AIMing High

In my opinion, the single greatest asset that AOL has is AIM.  It’s the only thing related to AOL that I have used in the past ten years (until they bought weblogsinc) and I use AIM every day.

The amount of real business that is conducted over AIM every day is truly amazing.  Hedge funds use AIM to make trades, developers working together from opposite sides of the world use AIM to talk about their projects, I use AIM to talk to most of my investments every day (via Trillian).

And yet, AIM has been seriously underexploited by AOL for years.

In the late 90s, I was an investor in ITXC.  Tom Evslin, the founder and CEO of ITXC, called on AOL and offered them the opportunity to use ITXC’s global VOIP network to power a VOIP service for AIM.  AIM could have and should have been Skype. But it wasn’t because AOL missed the opportunity to offer a free and easy VOIP service on top of AIM.  I am not saying that they should have done business with ITXC, but they should have done business with someone and gotten agressive about integrating VOIP with AIM.  By the time that AOL did offer VOIP on top of AIM, Skype had done it better.

USA Today has a story today on AIM’s new VOIP service that gives away a free local phone number. That’s pretty neat because a local phone number on Skype costs $4/month.  And for $14.95 per month, you can get unlimited calls over AIM, both local and long distance. I might try out AIM as a replacement for Skype In and Skype Out, but that will require making an effort.  Intertia is a hard thing to overcome.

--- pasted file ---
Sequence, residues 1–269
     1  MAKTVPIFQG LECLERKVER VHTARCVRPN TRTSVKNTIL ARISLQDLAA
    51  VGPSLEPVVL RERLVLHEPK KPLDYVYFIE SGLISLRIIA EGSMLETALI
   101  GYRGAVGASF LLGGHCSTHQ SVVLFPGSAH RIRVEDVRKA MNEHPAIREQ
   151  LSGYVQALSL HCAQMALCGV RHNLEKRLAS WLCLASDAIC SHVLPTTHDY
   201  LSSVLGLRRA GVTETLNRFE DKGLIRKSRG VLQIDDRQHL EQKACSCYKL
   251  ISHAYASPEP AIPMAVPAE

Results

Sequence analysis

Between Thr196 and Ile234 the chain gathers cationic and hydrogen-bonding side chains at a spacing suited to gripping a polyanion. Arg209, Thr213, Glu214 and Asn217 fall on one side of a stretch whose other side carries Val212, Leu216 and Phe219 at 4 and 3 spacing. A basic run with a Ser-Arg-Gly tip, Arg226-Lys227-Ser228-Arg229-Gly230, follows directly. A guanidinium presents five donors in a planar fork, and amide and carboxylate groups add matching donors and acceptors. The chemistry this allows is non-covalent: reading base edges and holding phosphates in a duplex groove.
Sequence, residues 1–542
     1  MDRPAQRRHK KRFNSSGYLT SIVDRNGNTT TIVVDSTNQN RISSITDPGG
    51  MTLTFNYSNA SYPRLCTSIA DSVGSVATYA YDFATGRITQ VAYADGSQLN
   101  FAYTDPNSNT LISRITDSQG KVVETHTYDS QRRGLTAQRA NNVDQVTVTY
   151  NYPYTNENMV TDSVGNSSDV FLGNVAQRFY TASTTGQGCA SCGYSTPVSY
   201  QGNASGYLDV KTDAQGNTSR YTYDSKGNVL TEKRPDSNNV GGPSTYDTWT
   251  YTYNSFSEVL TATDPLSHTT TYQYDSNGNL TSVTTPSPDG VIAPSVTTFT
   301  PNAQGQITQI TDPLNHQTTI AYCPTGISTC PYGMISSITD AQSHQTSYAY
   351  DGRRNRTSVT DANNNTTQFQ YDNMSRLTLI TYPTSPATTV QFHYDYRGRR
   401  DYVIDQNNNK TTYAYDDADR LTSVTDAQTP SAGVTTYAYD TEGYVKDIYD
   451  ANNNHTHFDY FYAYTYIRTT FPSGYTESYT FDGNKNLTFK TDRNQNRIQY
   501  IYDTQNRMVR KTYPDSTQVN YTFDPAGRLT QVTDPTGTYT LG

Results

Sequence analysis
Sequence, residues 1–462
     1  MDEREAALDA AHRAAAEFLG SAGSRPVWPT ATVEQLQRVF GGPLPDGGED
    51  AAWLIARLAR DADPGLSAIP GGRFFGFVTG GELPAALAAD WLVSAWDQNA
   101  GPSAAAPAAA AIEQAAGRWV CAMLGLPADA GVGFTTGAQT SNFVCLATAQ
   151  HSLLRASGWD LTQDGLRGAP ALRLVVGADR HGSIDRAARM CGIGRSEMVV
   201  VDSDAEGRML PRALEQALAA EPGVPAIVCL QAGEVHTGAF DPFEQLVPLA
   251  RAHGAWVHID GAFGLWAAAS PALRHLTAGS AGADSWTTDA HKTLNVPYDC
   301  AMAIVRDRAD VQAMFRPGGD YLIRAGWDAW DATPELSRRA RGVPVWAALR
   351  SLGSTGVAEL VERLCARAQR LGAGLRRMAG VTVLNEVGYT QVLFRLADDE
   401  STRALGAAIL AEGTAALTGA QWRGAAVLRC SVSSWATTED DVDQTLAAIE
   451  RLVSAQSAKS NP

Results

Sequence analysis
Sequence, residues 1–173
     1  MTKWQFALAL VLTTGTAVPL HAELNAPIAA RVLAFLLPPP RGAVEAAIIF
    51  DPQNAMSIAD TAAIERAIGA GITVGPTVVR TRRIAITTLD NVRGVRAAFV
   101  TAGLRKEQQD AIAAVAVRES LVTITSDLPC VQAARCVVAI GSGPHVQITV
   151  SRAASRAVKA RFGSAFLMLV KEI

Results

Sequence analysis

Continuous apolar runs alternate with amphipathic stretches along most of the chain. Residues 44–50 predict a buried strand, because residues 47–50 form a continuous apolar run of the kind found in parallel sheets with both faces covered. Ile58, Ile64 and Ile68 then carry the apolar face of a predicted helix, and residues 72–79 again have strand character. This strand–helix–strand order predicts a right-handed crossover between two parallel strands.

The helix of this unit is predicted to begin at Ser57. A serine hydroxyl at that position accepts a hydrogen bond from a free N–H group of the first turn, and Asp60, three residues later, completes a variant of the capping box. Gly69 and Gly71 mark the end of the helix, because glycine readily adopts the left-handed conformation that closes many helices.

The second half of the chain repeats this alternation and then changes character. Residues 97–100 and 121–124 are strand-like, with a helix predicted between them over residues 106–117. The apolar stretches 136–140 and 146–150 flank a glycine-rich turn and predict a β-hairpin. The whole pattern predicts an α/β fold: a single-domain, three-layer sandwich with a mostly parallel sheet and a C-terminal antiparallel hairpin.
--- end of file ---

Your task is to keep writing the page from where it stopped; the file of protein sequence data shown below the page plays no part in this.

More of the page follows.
There have also been reports that AOL is about to launch a MySpace competitor called AIMSpace that will allow AIM users to port their buddy lists to a MySpace style social networking application.

The bad news is that my girls, two hard core AIM users, have already built social networks on MySpace that are as large or larger than their AIM buddy lists.  Maybe my girls and their friends aren’t the target for AIMSpace, but I fear that AOL is again a day late and a dollar short.

If I were AOL, I wouldn’t try to replicate MySpace using AIM as a platform, I’d try to collapse MySpace somehow using AIM.  Maybe that’s what AOL is after by opening up AIM as a developer platform.  But as I’ve said on this blog before, they haven’t opened up AIM fare enough for my taste.

If I could take my buddy list anywhere I wanted to take it, if I could use it to build a social network on MySpace, LinkedIn, or Friendster, now that would be something.

AOL used to be the top dog.  Top dogs use lock-in to control their market position.  That used to work for AOL.  Now it works for Apple, Google, and possibly Yahoo!

But AOL is not a top dog anymore. Underdogs use open systems to undercut the top dogs who are using lock-in.  That’s what AOL needs to do at this point.  And opening AIM all the way to the buddy list is where I’d start if I were AOL.